Egypt: Toward a New Constitution?


In a climate of tensions, Egypt opened polling stations on Tuesday to vote on a key referendum on a new constitution. The interior ministry deployed more than 200.000 policemen, 150 security units and 200 combat groups to secure the station from violence. Despite these measures, at least 11 people were reported killed in clashes between supporters of the army and those of the Muslim Brotherhood, while earlier in the morning a bomb exploded in front of a courthouse in Giza without causing any casualties. Egypt has witnessed a hike in domestic violence since former President Mohammad Morsi was ousted from power by the army in July 2013.


The referendum on the new constitution can be perceived from two perspectives. On the one hand, the new constitution contains some reformist clauses, such as gender equality and welfare. On the other hand, it has been seen as an attempt to reinforce the military power and alienate Islamist parties from Egypt’s politics. In this regard, it is worth recalling that last December the military junta lead by General Al-Sisi declared the Muslim Brotherhood a terrorist organization.


In more detail, the new constitution would allow the president to serve a four-year term which is renewable once; the president could be impeached by the parliament; it affirms the equality between men and women; it affirms the right to education, health-care and shelter; it forbids the creation of parties based on religion, race or geography; allows the military to appoint the defense ministry for the next eight years and allows military trials on civilians.


It is easy to understand how the constitutional draft has left the country split among supporters and opponents. The army’s supporters see it as a progressive document that could pave the way to a real democracy in the future. Better education, gender equality and healthcare are some of the rights many Egyptians have been fighting for since the overthrow of Hosni Mubarak. In addition, the removal of the Muslim Brotherhood from the political life is perceived as a conditio sine qua non for political stability. This view is endorsed even by the ultraconservative Nour party, who sees the occasion as a chance to advance the Salafist agenda at detriment at the cost of the Brotherhood and of its political supporters in Qatar.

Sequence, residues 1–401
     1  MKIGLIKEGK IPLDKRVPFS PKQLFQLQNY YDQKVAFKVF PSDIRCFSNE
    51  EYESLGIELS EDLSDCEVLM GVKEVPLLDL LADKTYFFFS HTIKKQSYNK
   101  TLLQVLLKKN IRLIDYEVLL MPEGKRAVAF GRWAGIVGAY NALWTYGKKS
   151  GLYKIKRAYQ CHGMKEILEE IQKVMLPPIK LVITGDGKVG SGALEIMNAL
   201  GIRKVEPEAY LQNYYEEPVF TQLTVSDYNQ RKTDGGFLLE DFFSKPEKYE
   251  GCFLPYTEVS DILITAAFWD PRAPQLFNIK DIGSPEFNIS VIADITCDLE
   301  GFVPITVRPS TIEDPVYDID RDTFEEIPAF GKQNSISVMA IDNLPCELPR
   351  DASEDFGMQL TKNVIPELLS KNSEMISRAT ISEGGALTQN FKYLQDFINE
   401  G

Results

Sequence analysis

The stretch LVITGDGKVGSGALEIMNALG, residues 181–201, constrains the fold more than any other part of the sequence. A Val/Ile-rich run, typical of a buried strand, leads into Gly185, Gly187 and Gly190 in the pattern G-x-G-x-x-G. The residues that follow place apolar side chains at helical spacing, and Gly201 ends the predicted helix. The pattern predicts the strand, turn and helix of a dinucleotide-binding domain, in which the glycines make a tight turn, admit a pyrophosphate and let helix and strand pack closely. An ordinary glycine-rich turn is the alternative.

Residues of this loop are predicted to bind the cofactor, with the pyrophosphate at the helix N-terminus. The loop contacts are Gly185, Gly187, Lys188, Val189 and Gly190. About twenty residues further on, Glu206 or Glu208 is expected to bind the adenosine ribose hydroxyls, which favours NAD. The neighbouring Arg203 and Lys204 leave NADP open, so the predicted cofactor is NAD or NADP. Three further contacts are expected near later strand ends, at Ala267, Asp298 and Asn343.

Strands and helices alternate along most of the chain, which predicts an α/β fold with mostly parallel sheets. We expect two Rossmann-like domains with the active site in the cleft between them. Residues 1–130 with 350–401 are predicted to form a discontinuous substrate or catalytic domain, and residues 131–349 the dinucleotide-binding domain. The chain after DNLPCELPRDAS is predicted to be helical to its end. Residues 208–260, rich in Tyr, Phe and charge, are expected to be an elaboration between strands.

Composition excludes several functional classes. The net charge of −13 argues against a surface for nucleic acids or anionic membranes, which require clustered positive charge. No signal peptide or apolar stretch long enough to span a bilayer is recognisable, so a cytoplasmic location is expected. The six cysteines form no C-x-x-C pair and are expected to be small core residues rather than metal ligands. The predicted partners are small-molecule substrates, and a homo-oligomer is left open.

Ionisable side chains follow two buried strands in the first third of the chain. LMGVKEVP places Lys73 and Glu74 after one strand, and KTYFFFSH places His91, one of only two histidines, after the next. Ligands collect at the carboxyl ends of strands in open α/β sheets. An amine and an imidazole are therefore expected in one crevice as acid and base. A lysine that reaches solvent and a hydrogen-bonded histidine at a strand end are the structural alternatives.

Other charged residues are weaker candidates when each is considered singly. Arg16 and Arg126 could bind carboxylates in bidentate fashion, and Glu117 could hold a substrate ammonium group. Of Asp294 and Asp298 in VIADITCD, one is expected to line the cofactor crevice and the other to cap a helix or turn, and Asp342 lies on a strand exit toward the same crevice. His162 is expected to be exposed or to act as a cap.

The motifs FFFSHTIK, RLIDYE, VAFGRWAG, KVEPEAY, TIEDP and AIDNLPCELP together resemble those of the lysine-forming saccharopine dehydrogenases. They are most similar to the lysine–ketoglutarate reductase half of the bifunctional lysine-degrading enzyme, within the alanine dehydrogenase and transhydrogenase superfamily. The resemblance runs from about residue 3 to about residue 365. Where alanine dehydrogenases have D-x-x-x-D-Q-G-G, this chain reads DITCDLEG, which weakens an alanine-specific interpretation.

On the other hand, opposition movements have called for the boycott of the referendum. Opposition parties like Strong Egypt have denounced the intimidations suffered by those who wanted to vote “no,” and rejects some of the clauses like the military trials for civilians and the strong limits to religious freedom. In this regard, opposition parties have blamed the constitutional committee of partiality, considering that out of the 50 members only 2 belonged to Islamist parties.


There are no doubts that the referendum will pass and the text of the new constitution will be approved. Nevertheless, although new elections could see General Al-Sisi as Egypt’s next president, the country might be doomed to political instability for a long time. In fact, the complete marginalization of the Muslim Brotherhood has denied its followers from expressing some legitimate concerns in a legitimate context such as that of free and fair elections. Consequently, some of its more radical members could resort to terrorism to destabilize the military government by pushing it to declare emergency law, hence suspending the new constitution. This of course, would alienate those Egyptians who support the military as long as they are able to maintain security and guarantee those social rights they have been fighting for the last three years.


In all of this, we should not forget that Egypt is also the battle field of a geopolitical battle between Saudi Arabia and Qatar, who have in Cairo’s (in)stability a particular interest to advance their political agenda.


© ESISC 2013

© 2012 ESISC - European Strategic Intelligence and Security Center Powered by Advensys